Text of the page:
Home > Uncategorized > Yet another Steubenville Fatherhood response…

Yet another Steubenville Fatherhood response…

There have been so many responses to the Steubenville rape trial that I almost didn’t want to write about it.  When the Newtown, CT shootings happened, I chose not to, because I didn’t feel I had anything unique or compelling to say about it that wasn’t already said.  With Steubenville, I’m pretty sure I’ll be the only person to discuss the fatherhood aspects of the case by connecting the situation with what, in my opinion, is the best artistic piece about fatherhood, the song “Be a Father to your Child” by Ed O.G. and the B.U.L.L.D.O.G.S.  Being from the Boston area and a fan of hip hop, I’m biased, but in my defense this song was popular nationally at the time it came out.

If hip hop isn’t your thing and you don’t want to click above to see/hear the music video, the Cliff’s Notes on the song is that it’s a call to action to address the epidemic of single mothers raising children in the father’s absence.  

At one point in the song, Ed says “don’t front on your child if it’s your own, cause if you front now then you’ll regret it when it’s grown”. For those unfamiliar with the slang, he’s essentially saying if you have a son and neglect him, you’ll regret it.  It was widely reported that after the verdict was delivered, the father of one of the players found guilty felt compelled to speak to the court, saying that he wasn’t there for his son, and therefore took responsibility upon himself for what had happened.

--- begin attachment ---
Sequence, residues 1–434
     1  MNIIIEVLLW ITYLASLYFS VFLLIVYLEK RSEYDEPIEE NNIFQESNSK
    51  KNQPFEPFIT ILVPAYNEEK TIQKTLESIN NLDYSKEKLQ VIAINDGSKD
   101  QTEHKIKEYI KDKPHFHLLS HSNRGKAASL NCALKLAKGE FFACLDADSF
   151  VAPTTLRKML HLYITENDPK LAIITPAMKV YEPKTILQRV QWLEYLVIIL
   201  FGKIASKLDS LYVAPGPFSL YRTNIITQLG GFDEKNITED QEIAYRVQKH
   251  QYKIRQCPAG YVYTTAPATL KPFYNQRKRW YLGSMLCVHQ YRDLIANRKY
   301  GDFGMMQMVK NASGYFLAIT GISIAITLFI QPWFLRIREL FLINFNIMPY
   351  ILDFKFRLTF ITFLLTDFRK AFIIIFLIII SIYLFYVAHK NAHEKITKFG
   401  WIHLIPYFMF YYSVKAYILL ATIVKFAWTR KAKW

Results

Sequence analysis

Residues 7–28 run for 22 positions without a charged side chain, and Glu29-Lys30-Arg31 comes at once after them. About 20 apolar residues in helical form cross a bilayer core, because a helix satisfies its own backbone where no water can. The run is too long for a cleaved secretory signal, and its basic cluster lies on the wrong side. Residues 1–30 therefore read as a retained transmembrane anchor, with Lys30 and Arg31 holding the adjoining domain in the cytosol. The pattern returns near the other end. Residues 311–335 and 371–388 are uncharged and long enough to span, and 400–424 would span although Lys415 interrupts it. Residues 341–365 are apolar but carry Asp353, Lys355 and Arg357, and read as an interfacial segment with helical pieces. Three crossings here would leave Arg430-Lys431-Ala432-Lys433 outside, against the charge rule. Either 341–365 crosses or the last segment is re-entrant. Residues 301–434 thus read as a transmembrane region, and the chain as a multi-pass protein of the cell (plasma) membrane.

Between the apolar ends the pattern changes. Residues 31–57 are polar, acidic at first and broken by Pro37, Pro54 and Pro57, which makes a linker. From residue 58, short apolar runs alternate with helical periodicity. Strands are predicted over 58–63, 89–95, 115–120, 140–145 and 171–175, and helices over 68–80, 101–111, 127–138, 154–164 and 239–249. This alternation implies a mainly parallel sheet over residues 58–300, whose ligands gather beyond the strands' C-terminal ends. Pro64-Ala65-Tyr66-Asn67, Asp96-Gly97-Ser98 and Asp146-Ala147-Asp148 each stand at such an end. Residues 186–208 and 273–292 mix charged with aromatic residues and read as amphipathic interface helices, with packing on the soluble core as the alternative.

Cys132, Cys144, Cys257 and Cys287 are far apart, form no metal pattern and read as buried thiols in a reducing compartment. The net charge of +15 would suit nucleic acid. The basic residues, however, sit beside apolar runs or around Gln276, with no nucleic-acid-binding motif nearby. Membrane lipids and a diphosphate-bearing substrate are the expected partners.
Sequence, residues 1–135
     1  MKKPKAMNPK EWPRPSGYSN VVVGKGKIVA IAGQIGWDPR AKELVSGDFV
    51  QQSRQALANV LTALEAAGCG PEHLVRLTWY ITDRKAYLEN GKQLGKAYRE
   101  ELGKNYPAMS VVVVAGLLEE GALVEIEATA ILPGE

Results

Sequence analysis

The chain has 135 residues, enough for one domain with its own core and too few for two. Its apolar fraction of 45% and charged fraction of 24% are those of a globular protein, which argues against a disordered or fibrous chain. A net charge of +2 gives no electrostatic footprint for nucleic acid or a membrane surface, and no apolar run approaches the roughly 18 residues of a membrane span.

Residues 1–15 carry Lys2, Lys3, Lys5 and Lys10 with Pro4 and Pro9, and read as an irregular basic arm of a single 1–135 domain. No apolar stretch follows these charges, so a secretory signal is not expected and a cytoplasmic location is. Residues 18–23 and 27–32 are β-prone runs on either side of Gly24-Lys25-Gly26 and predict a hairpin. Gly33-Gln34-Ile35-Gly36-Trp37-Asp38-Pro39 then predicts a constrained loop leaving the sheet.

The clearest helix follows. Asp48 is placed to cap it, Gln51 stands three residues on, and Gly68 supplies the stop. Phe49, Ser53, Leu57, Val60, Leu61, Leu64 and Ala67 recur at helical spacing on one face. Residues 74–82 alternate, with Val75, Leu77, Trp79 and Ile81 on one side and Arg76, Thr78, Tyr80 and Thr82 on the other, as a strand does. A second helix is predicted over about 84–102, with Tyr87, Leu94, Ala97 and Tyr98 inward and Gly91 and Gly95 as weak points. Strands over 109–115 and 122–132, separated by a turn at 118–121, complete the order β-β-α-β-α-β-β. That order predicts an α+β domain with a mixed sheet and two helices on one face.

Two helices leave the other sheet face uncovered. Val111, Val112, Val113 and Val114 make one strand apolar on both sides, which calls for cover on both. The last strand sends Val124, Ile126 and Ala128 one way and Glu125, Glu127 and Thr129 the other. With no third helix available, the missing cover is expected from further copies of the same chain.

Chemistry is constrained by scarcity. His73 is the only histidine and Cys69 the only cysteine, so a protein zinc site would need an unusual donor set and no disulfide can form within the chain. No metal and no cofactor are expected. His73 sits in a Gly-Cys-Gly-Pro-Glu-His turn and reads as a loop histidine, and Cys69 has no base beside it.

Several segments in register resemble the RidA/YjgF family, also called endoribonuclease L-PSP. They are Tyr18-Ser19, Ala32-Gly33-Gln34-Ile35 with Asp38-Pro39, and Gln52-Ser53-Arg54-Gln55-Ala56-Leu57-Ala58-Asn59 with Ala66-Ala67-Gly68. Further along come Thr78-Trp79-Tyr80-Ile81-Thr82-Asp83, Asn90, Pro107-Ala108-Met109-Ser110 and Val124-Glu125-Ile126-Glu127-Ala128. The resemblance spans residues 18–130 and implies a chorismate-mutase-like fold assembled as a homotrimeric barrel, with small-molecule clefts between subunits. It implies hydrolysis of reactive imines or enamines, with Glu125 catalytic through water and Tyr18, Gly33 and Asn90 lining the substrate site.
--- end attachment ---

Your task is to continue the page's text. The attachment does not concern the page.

The last line of the song is the more compelling part in relation to the Steubenville story, where Ed concludes by saying “It’s never too late to correct your mistakes, so get yourself together for your child’s sake and be a father to your child.”  There are two competing views on this one.  One point of view is that it’s indeed too late.  A life-altering transgression was committed by the son that there’s no undoing and no amount of apology or reparation can ever make right.  Another point of view is that even though what happened happened, It’s not too late for the father to become more involved, as the son undoubtedly has challenges he will need to face as he deals with the consequences of his actions, and perhaps the father can be there to ensure the son moves forward in the best way possible from this.

No matter how you view it, the absentee father thing only accounts for part of the story, though.  I can’t imagine that all of those kids, (and when I say this I’m including those who were watching/tweeting/videotaping along with the two who actually did the actions, and in a broader sense any kids who get into serious trouble), had parents who didn’t do the best they thought they could for their children.  In fact I believe most did.  This is what scares the sh*t out of me as a parent, that no matter how good we intend to do, our own influence can only go so far.  

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